There have been positive reports in the last few days for the world battling the Coronavirus. Trials of the corona vaccine in different countries of the world have given good signs, after which the hope of coming soon the vaccine has been awakened. In India too, preparations are being made for the distribution of the vaccine.
The vaccine being worked on by the Oxford vaccine has given excellent results. Its trial is going on in India as well, so the expectations for India remain intact. Apart from these, trials are going on on some other vaccines as well, in such a situation, take a look at the expectations of which vaccine.
How much progress did Oxford do?
- Oxford University and AstraZeneca are working together on the AZD1222 vaccine. The story of this vaccine in India is undergoing trials on KovidShield.
- On Monday, Oxford published research of its own, claiming that the two doses of the vaccine on which the trial has been done are being jointly thriving with 70 per cent.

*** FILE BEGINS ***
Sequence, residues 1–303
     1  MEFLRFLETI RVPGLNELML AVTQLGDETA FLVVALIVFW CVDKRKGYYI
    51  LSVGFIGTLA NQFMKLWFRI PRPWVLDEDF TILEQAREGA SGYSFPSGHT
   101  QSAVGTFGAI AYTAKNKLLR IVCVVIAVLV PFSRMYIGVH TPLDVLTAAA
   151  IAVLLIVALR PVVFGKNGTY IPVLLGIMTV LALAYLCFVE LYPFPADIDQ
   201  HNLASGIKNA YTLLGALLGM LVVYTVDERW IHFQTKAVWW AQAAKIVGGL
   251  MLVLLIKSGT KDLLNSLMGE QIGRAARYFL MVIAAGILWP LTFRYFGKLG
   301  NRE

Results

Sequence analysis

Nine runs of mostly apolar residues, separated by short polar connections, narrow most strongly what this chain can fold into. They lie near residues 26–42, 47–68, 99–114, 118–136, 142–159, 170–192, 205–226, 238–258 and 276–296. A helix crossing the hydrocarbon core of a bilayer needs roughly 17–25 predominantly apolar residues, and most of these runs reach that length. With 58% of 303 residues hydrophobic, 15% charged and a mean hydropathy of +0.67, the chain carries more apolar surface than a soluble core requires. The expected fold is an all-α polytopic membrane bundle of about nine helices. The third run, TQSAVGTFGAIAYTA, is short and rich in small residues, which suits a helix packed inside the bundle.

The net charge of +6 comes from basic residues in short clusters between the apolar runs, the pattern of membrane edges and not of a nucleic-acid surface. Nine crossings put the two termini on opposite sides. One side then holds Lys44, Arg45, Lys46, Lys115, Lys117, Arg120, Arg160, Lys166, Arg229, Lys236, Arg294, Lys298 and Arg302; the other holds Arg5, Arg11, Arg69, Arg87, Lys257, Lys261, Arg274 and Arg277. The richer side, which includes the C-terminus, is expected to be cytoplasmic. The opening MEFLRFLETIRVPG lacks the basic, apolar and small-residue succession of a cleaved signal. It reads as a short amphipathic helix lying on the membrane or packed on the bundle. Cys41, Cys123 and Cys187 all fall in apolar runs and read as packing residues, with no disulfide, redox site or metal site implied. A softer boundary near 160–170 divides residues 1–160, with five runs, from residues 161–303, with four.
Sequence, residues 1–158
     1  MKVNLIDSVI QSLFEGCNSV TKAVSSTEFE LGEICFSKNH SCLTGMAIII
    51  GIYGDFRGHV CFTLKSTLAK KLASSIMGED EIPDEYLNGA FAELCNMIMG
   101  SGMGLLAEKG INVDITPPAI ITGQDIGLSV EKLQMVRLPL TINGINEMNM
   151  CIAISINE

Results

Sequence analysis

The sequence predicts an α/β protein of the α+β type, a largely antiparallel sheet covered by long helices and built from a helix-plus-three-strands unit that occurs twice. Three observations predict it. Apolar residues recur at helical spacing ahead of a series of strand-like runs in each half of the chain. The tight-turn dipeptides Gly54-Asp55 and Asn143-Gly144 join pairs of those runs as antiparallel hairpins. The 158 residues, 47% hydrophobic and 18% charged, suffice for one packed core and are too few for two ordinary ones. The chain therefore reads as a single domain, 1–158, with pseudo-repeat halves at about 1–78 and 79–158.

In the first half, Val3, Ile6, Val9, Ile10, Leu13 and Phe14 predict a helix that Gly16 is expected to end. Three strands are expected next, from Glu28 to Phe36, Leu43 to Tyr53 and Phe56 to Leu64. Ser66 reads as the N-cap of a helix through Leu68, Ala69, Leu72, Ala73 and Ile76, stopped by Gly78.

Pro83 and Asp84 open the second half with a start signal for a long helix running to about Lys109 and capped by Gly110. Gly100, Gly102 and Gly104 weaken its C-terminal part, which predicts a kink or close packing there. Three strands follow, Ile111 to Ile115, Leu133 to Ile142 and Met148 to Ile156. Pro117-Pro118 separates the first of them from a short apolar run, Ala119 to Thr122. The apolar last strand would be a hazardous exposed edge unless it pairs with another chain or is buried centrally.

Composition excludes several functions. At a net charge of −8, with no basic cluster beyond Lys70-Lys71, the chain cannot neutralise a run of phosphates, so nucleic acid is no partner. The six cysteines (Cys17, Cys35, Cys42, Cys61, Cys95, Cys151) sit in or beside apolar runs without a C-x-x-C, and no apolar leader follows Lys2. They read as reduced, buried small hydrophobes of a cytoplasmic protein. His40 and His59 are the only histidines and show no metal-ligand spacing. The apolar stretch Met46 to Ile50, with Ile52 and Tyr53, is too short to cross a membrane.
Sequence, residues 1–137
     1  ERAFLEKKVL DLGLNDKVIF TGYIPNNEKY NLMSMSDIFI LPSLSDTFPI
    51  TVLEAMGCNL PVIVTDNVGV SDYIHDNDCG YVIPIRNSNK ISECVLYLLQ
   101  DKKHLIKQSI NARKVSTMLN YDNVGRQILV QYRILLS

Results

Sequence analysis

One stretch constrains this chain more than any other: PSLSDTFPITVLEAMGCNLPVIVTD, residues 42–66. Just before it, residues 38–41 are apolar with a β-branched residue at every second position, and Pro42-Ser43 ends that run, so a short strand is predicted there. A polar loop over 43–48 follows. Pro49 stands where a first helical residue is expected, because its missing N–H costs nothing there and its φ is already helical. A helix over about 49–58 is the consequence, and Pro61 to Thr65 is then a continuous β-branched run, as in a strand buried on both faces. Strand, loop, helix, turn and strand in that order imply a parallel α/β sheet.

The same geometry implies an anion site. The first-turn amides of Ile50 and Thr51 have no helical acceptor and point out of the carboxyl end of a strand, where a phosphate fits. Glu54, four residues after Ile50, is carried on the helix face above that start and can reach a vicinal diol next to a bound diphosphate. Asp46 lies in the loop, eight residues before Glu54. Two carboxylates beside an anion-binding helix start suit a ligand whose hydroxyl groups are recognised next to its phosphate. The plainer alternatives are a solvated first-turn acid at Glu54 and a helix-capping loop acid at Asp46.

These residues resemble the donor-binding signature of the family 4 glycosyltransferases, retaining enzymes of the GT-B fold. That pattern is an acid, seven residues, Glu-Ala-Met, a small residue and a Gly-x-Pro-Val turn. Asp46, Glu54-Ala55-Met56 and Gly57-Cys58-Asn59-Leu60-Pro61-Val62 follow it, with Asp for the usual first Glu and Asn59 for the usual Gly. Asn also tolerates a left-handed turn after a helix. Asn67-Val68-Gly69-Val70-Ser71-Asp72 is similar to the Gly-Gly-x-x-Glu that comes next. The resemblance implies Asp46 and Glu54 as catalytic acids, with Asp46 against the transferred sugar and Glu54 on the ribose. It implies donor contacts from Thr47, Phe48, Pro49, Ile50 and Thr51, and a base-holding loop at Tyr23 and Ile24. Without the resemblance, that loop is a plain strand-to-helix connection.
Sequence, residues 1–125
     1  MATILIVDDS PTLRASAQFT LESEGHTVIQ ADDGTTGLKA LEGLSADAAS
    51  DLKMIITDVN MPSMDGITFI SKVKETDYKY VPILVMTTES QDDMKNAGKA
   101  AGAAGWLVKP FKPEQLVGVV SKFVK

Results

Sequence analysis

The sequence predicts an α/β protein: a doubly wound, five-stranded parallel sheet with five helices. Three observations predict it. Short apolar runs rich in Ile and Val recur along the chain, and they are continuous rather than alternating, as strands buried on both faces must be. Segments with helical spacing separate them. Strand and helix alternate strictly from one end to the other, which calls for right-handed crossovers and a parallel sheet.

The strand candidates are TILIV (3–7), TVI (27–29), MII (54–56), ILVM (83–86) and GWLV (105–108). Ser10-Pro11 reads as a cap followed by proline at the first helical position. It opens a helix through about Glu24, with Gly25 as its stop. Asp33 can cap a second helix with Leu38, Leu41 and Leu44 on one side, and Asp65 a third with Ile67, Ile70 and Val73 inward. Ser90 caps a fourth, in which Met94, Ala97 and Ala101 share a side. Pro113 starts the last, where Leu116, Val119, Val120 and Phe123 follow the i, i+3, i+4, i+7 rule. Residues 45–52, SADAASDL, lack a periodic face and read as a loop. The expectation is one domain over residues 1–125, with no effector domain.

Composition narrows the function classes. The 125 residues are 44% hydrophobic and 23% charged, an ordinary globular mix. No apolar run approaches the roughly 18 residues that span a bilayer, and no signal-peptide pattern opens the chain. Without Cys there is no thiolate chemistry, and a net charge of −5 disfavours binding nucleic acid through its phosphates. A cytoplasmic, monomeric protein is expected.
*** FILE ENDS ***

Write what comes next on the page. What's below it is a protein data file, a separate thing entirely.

- If we read about different doses, the success of the first dose has been recorded at 90 per cent and the second dose by 62 per cent.
It has been claimed by Pfizer-BioNTech that their vaccine has shown up to 95 per cent success in trials. But a much cooler environment is needed to keep the dose of the vaccine. So far, the estimated amount of this vaccine is being told as per India at Rs 1400 per dose.
- – COVAXIN is also in growth by Hyderabad based Bharat Biotech. During the trial, it has shown more than 60 per cent success, which can be launched in the middle of next year.
- Preparations are being made by the company to make about 500 million doses, which will require 2 to 8-degree temperature to store.
- Recently, the third trial of the co-vaccine has been completed, in which about 26 thousand people took part.
Along with pollution, winter is also increasing in the national capital of the country. Due to this, it has become difficult for people to breathe in clean air, while it has become difficult to get out of the house due to cold. The problem of pollution is that clarity in many places has reduced significantly. Since Tuesday morning, there have been a mist in many areas of Delhi. This made it difficult to see anything. People’s eyes are jealous due to pollution.
The national capital on Friday recorded a minimum temperature of 7.5 degrees Celsius, the lowest in the past 14 years this month. Kuldeep Srivastava, head of IMD’s regional forecast centre, said, “The minimum temperature at Safdarjung Observatory was 6.9 degrees Celsius. Was done. This is the lowest temperature recorded in this month in Delhi since November 2003. In November 2003, the minimum temperature was 6.1 degrees Celsius. “